Hometown: Cleveland, Ohio
Home country: USA
Current location: Amherst. MA
Member since: Sat Sep 1, 2012, 03:28 PM
Number of posts: 10,637
Hometown: Cleveland, Ohio
Home country: USA
Current location: Amherst. MA
Member since: Sat Sep 1, 2012, 03:28 PM
Number of posts: 10,637
A Walmart employee asked a North Carolina woman breastfeeding her newborn in a store bathroom to move into a toilet stall. A representative from the retailer confirmed the employee made the demand, telling WBTW-TV the request was illegal and also violated company policy.
Kelly Messing said she was feeding her 2-week-old baby with a cover-up when the employee came into the bathroom and asked her to move to a more private location, saying she was making other customers uncomfortable.
“She stood there waiting for me to get up, so I had to sit in a stall feeding my baby,” Messing said in a Facebook post about the incident.
More than a dozen other breastfeeding mothers, organized by the national Best for Babes group, went Sunday to the Jacksonville store to protest the Walmart employee’s actions.
This store did not follow our policy in this situation and we absolutely apologize to our customer for her experience,” said Kayla Whaling, a Walmart spokeswoman. “We’re not sure exactly who did not follow our policy but we do not condone this and we have restated our policy to all associates at this retail store.”
Posted by DonViejo | Tue Jul 29, 2014, 01:49 PM (1 replies)
By Lawrence Hurley
WASHINGTON (Reuters) – A U.S. appeals court on Tuesday dismissed a long-shot challenge to the Obamacare health law brought by an Iowa artist.
The U.S. Court of Appeals for the District of Columbia Circuit rejected claims made by Matt Sissel, who was backed by the Pacific Legal Foundation, a conservative legal group.
Sissel claimed, among other things, that the 2010 law violated a provision of the U.S. Constitution that says any revenue-raising legislation must originate in the House of Representatives, not in the Senate, as Obamacare did.
In Tuesday’s ruling, the appeals court upheld a lower court decision that dismissed the case.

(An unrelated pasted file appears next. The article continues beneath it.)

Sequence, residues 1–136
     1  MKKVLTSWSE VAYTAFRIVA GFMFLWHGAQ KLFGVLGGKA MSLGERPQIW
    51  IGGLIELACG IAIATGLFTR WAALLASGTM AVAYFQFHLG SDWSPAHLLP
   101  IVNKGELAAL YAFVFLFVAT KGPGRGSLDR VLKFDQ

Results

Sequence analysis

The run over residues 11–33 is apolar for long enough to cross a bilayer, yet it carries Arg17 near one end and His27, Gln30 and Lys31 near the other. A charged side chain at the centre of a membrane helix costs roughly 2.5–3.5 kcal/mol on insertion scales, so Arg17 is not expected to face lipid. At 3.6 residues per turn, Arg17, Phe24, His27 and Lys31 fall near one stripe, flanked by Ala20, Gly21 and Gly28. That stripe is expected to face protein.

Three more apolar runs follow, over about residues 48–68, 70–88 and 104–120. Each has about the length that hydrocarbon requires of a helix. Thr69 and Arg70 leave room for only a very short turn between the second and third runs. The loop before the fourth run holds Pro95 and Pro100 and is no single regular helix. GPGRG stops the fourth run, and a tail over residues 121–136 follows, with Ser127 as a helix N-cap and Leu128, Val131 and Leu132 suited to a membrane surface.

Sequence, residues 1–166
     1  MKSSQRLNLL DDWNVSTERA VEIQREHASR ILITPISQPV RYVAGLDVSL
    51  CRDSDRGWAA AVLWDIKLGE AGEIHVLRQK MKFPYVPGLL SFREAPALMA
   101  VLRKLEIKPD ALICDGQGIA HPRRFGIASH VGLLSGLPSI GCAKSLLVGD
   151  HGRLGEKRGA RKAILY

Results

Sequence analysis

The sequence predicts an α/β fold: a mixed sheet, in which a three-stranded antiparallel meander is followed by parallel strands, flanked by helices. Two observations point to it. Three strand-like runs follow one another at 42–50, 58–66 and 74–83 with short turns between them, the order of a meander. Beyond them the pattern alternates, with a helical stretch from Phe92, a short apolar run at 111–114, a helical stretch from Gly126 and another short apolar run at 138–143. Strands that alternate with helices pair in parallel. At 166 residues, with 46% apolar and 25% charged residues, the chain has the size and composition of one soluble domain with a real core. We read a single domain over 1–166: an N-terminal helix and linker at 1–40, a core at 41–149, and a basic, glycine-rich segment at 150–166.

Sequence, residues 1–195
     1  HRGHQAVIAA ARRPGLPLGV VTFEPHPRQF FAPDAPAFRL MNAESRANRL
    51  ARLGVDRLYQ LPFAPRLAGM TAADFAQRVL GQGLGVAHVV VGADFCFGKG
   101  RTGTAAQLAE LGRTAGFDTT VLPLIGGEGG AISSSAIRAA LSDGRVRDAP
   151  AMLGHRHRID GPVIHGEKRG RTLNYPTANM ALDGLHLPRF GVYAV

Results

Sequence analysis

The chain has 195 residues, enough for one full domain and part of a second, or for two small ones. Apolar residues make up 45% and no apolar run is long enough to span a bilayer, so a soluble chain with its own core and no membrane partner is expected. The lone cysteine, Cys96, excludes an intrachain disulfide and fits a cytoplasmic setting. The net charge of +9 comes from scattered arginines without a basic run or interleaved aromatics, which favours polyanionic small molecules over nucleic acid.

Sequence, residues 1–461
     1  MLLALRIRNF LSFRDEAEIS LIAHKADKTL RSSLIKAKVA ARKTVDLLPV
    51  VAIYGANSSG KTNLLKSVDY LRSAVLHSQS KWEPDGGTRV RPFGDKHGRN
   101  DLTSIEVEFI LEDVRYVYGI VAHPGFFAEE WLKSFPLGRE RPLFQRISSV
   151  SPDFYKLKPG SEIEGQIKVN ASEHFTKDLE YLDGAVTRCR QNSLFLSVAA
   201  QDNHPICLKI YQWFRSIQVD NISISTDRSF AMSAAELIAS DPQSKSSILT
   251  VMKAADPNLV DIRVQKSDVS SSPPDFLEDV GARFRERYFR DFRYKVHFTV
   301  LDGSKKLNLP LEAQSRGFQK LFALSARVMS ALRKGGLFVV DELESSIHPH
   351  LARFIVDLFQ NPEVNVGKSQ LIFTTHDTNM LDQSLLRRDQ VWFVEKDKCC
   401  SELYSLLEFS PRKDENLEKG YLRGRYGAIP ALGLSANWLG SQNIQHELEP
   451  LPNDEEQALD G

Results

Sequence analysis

Read more: http://www.rawstory.com/rs/2014/07/29/u-s-appeals-court-throws-out-iowa-artists-obamacare-challenge/
Posted by DonViejo | Tue Jul 29, 2014, 01:44 PM (5 replies)
Texas Congressman Louie Gohmert (R-TX) suggested on Tuesday that the president of the United States was “extremely prejudiced” because he was deporting Mexicans, while allowing child refugees who were fleeing violence in Central America to stay.
In an interview with Newsmax TV host J.D. Hayworth, Gohmert said that President Barack Obama’s plan to allow Honduran children a way into the U.S. without having to make the dangerous journey through Mexico was proof that he was trying to change the country.
“I mean, holy smokes, this guy truly is fundamentally transforming America,” the Texas Republican opined. “But not into anything the Founders ever dreamed. These are people who are being given amnesty, who will eventually be able to vote if they’re not already, who have no idea what it takes to maintain a Republic if you can keep it, madam (sic).”
“And if you want to say, look at where these folks came from, we’ve got to give them amnesty, we’ve got to help them,” Gohmert continued. “Listen, there are are so many children around the world that are worse off than those in Central America, and how unfair is it to the Mexicans?”
“I don’t know why this president is so extremely prejudiced against Mexicans. They say, if you’re from Mexico, we’ll turn you right around and send your right back. But if you’re from Central America, ‘No, come on, we’ll send you all over the United States.’”
Posted by DonViejo | Tue Jul 29, 2014, 01:40 PM (2 replies)
By DYLAN SCOTT Published JULY 29, 2014, 12:35 PM EDT
A federal appeals court ruled on Friday that a Florida law that discourages physicians from asking patients about guns is constitutional, despite doctor warnings that such questions are vital to their work.
The 11th U.S. Circuit Court of Appeals overturned a lower court decision that invalidated the 2011 law, advocated by guns rights groups. The law says that "unless information is relevant to patient's medical care or safety or safety of others, inquiries regarding firearm ownership or possession should not be made." It allows for disciplinary action against doctors who violate it.
"We find that the Act is a legitimate regulation of professional conduct," the appeals court wrote in its 2-1 decision. "The Act simply codifies that good medical care does not require inquiry or record-keeping regarding firearms when unnecessary to a patient’s care."
"It is not a physician's business whether his or her patient chooses to exercise their fundamental, individual right to own a firearm," Chris Cox, president of the National Rifle Association's Institute for Legislative Action, said in a statement praising the decision.
Read more: http://talkingpointsmemo.com/dc/florida-law-doctors-ask-patients-about-guns-appeals-court